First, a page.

Many enterprises planning a move to cloud-based systems believe a huge disruptive change in the IT organization is required as part of that shift. They call it "building a cloud organization." I blame this disruptive mentality mostly on the ongoing press coverage that calls for "the end of IT as we know it" or other silly events that won't happen.
Any time the analysts or press project absolutes, their predictions never seem to pan out. In the world of IT, we evolve. We don't suddenly shift.
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Right now we're about five years into this cloud thing, and the predicted huge disruptive changes in IT organizations have not occurred. In fact, most organizations have not made enough progress with cloud-based technology to even call it a systemic change. But they have been changing.
Whenever there is a fundamental transition in the technology we use, organizations must adapt around that development. We've seen many instances of this in the past, such as the PC movement in the 1980s, the movement to the Web in the 1990s, and the movement to complex Internet-delivered and distributed systems, such as cloud computing, in this decade.
Thus, the arrival of cloud computing in most enterprises will drive gradual changes over a long period. Operations, for example, will become more complex as those who used to oversee data centers begin to include public cloud resources in their management consoles. More and more employees will bring their own devices, apps, and even services to work, and enterprise IT must figure out a way to make them both useful and secure. IT is learning to change around shifts in business, using public clouds as substitutes for massive hardware and software buys.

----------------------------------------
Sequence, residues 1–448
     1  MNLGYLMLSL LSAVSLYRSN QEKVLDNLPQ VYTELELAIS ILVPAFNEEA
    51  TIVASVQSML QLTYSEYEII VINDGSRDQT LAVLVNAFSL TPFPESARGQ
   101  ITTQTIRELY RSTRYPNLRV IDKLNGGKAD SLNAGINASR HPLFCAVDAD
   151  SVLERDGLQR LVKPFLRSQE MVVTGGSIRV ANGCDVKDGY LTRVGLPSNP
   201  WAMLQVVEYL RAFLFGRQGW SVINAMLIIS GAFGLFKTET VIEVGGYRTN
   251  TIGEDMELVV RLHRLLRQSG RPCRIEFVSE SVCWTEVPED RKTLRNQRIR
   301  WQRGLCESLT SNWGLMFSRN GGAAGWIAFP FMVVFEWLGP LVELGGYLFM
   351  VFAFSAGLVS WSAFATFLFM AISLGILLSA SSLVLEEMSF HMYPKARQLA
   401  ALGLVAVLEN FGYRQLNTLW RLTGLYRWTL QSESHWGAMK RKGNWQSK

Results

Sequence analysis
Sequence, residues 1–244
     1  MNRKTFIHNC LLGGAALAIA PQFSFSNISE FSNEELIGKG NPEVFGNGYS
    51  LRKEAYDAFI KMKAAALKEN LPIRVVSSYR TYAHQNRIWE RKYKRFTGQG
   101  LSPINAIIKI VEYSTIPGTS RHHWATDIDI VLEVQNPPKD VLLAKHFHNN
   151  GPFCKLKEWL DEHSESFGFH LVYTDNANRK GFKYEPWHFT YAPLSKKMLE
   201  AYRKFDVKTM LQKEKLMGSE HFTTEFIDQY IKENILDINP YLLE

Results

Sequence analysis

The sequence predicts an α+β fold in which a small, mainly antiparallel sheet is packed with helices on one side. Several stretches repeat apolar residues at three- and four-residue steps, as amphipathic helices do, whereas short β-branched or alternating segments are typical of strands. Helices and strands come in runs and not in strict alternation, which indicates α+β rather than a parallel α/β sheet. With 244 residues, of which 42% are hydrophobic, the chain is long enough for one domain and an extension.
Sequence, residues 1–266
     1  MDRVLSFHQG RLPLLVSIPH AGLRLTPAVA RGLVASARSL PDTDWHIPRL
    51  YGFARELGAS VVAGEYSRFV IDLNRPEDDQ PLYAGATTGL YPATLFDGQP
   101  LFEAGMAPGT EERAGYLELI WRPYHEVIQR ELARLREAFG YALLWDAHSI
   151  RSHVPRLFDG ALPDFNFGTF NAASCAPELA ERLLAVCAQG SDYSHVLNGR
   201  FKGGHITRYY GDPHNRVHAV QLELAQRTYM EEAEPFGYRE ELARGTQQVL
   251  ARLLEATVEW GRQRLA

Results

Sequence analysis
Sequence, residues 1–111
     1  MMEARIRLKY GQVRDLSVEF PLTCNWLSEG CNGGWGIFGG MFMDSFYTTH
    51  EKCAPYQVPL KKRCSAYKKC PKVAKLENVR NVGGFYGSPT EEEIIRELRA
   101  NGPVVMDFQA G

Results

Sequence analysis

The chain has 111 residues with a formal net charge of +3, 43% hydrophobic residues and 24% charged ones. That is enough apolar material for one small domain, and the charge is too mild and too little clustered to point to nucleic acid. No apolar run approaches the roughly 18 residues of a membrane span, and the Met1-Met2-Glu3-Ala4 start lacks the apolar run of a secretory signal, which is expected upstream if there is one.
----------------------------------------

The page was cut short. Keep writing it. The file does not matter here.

We're about 30 percent into this latest change process. It may feel that IT has not changed at all. But it has evolved at many organizations, albeit more incrementally than the pundits predicted. In fact, you can bet that the IT of 2014 will look very much like the IT of 2019.
What this means is that you shouldn't be trying to build a cloud organization, as many CIOs are being asked to do or promising to do. But you should try to adopt the cloud in your IT tool kit, as you have previous technology shifts. It'll happen over time, not as a big project. You don't build a cloud organization, you evolve into one.
This article, "What it takes to build a cloud organization in 2014," originally appeared at InfoWorld.com. Read more of David Linthicum's Cloud Computing blog and track the latest developments in cloud computing at InfoWorld.com. For the latest business technology news, follow InfoWorld.com on Twitter.